The back hallway also features paintings done by Certified Ross Instructors (CRIs), who learn to paint like Ross and then instruct classes themselves. The four paintings are of the different seasons, and in Minnetrista’s way of inviting the painters in, they have the opportunity to add their own tree to the canvas.

Currently, the upstairs section of the building is under construction, and will eventually house a gallery and studio space. When open in 2021, Bob Ross painting classes will take place in the space.

Maggart said many have asked why Minnetrista is “doing Bob.” For the center, it’s the power of place. Ross almost exclusively filmed “The Joy of Painting” at the Lucius L. Ball home.

“That’s why it’s not a traveling exhibit,” Maggart said. “It can’t be, because it’s based on this space right here.”

Eventually it will be open to the general public, but for now the new exhibit will be open to ticket holders only, Maggart said. Tickets will be timed, partly due to COVID-19, and only 15 guests will be allowed in at a time.

Like Minnetrista’s other exhibits, the Bob Ross Experience will be open Wednesday through Sunday at various times. A temporary 10-month “Bob at Home” exhibit, opened on Oct. 31, in the Oakhurst Experience home, that will feature more than 30 Bob Ross paintings. Due to COVID-19, masks are required at Minnetrista.

The grand opening of the exhibit on Oct. 31 was expected to bring in hundreds, with workshops, behind-the-camera talks with people close to Ross and a Bob Ross costume parade and contest.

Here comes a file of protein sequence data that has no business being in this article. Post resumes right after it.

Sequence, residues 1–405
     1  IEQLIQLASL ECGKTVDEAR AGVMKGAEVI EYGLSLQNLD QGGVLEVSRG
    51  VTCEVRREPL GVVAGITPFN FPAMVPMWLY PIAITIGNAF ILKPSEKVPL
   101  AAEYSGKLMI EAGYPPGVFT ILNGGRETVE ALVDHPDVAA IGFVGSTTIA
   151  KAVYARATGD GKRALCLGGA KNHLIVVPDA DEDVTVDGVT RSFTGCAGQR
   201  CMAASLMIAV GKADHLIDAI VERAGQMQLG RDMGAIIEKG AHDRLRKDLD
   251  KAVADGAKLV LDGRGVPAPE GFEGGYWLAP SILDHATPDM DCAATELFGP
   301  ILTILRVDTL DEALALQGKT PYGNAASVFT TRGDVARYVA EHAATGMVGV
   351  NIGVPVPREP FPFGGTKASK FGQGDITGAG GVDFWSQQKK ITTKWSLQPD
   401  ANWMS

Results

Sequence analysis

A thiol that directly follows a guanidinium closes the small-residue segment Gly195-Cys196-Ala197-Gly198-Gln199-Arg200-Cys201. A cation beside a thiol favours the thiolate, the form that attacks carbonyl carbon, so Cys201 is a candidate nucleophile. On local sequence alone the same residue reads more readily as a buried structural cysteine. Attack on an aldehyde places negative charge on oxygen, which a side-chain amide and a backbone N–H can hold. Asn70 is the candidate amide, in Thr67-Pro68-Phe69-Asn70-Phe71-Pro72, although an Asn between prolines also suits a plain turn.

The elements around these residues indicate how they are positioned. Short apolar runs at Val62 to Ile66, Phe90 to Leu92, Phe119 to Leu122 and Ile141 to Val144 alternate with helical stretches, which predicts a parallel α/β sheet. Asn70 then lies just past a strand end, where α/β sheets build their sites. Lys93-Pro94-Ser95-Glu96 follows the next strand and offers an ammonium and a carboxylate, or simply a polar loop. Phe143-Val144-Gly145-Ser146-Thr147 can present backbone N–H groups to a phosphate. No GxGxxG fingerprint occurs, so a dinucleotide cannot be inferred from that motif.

“A lot of people come in, and this is where Bob stood and everyone has a variety of reactions to that; some people cry and some people are cool,” Maggart said.

While Minnetrista tries to stay local in the work it does, Ross’ exhibit has received national and global attention, which is new territory for the center.

With Ross generally being a private and humble person, Maggart said the recognition perhaps would have been a little over-the-top for him. Nonetheless, she thinks he would be proud of the space.

“We would say Bob would love this. And that’s why we’ve worked so closely with these partners and these people who knew Bob when he was living,” Maggart said. “We wanted this to honor Bob. We don’t want this to commercialize Bob or to take him and make him something he wasn’t.”

Going forward from opening day, Maggart said she hopes the exhibit will continue to bring people in from all over the country.

“Our hope is to bring people to East Central Indiana, to Muncie, to our community and share with them what we have, which is Bob and other cool things,” Maggart said. “We want this to be a really great thing, for not just Minnetrista, but our community as a whole and our region as a whole.”

Tickets for the Bob Ross Experience are $15 for adults and $12 and will grant access to all of Minnetrista’s spaces. The exhibit is free to members, but they still have to get a timed ticket. Tickets can be purchased at